Roger's Choice

Roger's Choice

Roger Gibson, Artistic Director of the Film Festival, the Cinema’s Consultant Artistic Director and founder of the Chichester Cinema at New Park, spills the celluloid beans: his all-time favourite films and why he was attracted to films and a film festival. Carol Godsmark asks the Questions.


Roger has been part of the Chichester arts scene since the 1960’s, starting at the Chichester College of Arts, Science & Technology as the ‘Chichester College Adult Education Film Society’ in September 1979. Films were shown on 16mm one evening a week for 24 weeks, plus a Saturday Junior Film Club. The first film shown by the Film Society was Woody Allen's ‘Love and Death’ on the 20th September. This developed into an independent cinema, now in its 37th year and which has won awards thanks to his astute programming and tenaciousness when dealing with distributors, directors and producers.

Roger attends all the major film festivals: London, Cannes, Berlin, Karlovy Vary and Toronto to source a legendary mix of eclectic films, his unerring eye and ability to match the good ‘bums on seats’ ones with those which will meet arthouse expectations, although the word arthouse sits uneasily with him. He prefers to open people’s worlds, not creating a niche, rather elitist-seeming market. He will be the first to acknowledge that he is not a one-man band, Jo, his wife, equally a keen exponent of film and of social issues explored by this medium, “viewing things from a different angle.”

He has been supported by not only a series of trustees over the decades and its strong chairmanship but, unerringly by sterling cinema staff headed by Walter Francisco (General Manager), Henry Beltran (Front of House Manager), Mark Bradshaw and James Stokes (Chief & Senior Projectionists) and the rest of the staff and volunteers over the years.

Love and Death

Q: What drew you to film, Roger?

Probably Saturday morning pictures, especially those cinemas that showed two serials, rather than one, like the Grand cinema in Gillingham, and my first cinema visit (in South Africa) with my father to see ‘Fantasia’.


Q: When you moved to Chichester from London, why did you decide to set up the film club?

This was a continuation of starting a film society at my art college in Rochester in the 1950’s on 16mm. Our first two films were ‘Wild Angels’ (banned - only film societies could show to members only) and ‘Seven Samurai’. I started teaching Film Studies at the Chichester College of Technology and the society was a logical extension. My training in Fine Art (RA student late ‘50's) linked me with another visual medium. I did teach both Art and Film studies as my additional adult education courses in film seemed to strike a note with the public: it grew from there.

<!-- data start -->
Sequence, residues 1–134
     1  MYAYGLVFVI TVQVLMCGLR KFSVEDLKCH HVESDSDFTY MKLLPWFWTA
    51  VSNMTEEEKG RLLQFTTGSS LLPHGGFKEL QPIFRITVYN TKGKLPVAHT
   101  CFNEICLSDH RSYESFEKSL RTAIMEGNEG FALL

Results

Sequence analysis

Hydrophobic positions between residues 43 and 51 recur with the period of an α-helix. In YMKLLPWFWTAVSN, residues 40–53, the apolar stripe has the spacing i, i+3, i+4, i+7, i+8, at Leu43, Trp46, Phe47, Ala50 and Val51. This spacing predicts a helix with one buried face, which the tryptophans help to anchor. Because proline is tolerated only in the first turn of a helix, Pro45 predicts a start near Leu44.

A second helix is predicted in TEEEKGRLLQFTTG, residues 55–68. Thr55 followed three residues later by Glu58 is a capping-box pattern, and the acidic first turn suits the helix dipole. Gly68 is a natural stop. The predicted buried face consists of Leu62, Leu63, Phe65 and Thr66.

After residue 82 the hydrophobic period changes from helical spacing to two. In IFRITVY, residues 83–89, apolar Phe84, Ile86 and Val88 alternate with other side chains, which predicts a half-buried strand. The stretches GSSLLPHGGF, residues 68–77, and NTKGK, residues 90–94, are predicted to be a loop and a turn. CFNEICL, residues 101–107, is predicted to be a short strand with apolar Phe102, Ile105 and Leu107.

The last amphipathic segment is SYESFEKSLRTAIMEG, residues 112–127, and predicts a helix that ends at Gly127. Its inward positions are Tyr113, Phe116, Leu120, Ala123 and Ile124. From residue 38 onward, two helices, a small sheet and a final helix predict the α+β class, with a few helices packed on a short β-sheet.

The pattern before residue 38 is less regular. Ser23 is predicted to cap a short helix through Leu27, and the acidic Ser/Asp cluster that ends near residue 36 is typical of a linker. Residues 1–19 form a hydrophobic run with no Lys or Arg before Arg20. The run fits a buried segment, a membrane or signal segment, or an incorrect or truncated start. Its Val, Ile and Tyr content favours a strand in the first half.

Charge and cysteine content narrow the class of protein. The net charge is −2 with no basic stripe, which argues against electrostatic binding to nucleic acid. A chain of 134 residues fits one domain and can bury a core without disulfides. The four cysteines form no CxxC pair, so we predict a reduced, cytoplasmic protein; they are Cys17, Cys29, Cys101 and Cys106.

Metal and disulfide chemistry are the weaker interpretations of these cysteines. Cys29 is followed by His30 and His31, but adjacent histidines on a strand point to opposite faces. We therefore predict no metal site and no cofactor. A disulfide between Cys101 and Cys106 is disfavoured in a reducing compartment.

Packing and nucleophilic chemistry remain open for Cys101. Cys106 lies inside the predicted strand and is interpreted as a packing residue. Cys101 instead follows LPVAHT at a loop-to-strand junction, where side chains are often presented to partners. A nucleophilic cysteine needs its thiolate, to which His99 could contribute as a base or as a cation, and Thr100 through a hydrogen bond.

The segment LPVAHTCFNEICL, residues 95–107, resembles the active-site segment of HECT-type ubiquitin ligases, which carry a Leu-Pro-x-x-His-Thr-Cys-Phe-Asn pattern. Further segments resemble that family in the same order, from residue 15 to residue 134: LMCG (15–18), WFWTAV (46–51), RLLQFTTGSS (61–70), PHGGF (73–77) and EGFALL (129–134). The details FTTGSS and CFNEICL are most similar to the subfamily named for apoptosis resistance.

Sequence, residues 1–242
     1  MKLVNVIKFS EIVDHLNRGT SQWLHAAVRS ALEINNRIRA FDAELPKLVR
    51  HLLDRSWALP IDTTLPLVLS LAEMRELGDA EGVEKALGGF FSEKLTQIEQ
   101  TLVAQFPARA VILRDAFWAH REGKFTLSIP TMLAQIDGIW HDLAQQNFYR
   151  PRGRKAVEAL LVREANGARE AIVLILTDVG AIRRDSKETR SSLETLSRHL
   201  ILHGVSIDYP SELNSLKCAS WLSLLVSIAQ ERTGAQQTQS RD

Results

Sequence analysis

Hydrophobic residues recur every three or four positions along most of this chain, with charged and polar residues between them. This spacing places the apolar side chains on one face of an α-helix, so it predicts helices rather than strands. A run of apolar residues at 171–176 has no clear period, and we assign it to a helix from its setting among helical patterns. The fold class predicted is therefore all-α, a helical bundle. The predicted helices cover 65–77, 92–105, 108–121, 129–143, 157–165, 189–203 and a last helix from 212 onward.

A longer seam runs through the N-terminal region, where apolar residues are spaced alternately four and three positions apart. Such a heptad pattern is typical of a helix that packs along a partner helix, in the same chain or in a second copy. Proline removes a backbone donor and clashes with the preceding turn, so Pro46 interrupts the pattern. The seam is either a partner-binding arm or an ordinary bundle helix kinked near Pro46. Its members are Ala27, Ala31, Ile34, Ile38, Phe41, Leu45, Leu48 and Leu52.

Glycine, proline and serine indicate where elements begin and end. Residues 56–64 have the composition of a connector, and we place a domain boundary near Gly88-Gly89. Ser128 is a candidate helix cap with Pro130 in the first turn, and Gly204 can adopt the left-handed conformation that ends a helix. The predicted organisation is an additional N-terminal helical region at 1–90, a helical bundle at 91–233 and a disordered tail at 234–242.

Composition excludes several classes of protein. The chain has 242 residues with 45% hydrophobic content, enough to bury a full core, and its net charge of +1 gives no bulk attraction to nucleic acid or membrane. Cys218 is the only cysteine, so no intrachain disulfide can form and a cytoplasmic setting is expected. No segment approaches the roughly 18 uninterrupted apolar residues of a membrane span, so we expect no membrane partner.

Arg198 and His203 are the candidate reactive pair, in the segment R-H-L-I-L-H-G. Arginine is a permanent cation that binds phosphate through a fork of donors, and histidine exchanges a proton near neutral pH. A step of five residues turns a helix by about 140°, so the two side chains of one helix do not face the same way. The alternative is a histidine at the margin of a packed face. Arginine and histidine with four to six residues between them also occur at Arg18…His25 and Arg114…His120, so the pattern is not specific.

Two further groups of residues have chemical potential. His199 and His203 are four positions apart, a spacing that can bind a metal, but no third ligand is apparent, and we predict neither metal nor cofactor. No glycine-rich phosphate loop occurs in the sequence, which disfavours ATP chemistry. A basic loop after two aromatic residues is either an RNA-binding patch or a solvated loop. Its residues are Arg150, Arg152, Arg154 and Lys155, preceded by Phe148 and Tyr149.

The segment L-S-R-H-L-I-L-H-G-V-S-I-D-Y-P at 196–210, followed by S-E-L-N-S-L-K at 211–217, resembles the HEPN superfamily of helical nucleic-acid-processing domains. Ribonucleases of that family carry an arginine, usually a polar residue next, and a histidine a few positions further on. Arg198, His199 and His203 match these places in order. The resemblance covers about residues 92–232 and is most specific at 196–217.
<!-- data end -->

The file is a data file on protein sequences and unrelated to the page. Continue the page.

Q: Did you have aspirations to run a ‘proper’ cinema in tandem with your work as an art teacher?

No, I thought that the film society was in a better situation to explore a much wider range of programming, with some themes - genres or director strands, and wider choice of European and World Cinema. With a “proper cinema” you would be showing mainly USA mainstream fare with a restricted choice for financial viability.


Q: Why did you see a need for a Film Festival?

This is an opportunity to explore an even larger range of World cinema. The Festival circuit is almost the only place one can see many films as their chance of distribution is unlikely. 90% of the films I see at other international film festivals never get seen in the UK. Having film makers, actors etc follow their films with Q&A’s is another important aspect of the Festival experience. The prestige of a good Festival also strengthens our reputation as a Cinema at New Park


Q: Who have been your most favoured directors to turn to over the decades? And Why?

Difficult to say because my interest in Cinema has roots in an appreciation of its evolution (i.e. from Russian Cinema 'Eisenstein', through to World Cinema today. That's a massive sweep! Through teaching film and programming one builds up pantheon of “auteurs” and there are predictable choices:

EISENSTEIN - For his many concepts (in theory and practice) of montage/editing and development of film language. Striking visual images and powerful storytelling.

HITCHCOCK - The master of narrative - each frame has meaning and contributes to the visual storytelling. He has a great sense of structure often employing playwrights. I do love Hitchcock, representing as he does, mainstream film making, faultless craftsmanship and a personal vision.

ORSON WELLES - The magician. The ability to explore every technical possibility that cinema has to offer. His visual style is stunning as is his use of sound.

LUIS BUNUEL - Incorporating surrealism in various degrees within an apparent normal narrative. A wicked sense of humour and critiques of class and religion.

You can probably learn almost everything about cinema from these four, but there is a long list to add including Erich Von Stroheim, Billy Wilder, Renoir, Chabrol, Tati, Kurosawa, Leone, Kubrick, Sam Fuller, Mike Leigh, Ken Loach, Powell & Pressburger, Visconti, Fellini, Clint Eastwood.

North by Northwest

Q: Although a highly tricky question as you have seen countless films, can you name your Top Ten films which you would rejoice in discovering if marooned on a desert island?

Not in any order and would probably change every week:

1. North by North West
2. Fantasia
3. Greed
4. Ivan the Terrible Parts I & II
5. Some Like It Hot
6. M. Hulot’s Holiday
7. West Side Story
8. Life and Death of Colonel Blimp
9. The Leopard
10. Once Upon a Time in the West


Q: What do you hope the 25th film festival film-goer will take away with them?

Hopefully the buzz and excitement of the Festival itself. To make new discoveries, which may be followed up, and to revisit some old favourites. To have been stimulated, challenged and entertained. And of course to return…!

Fest16 Intro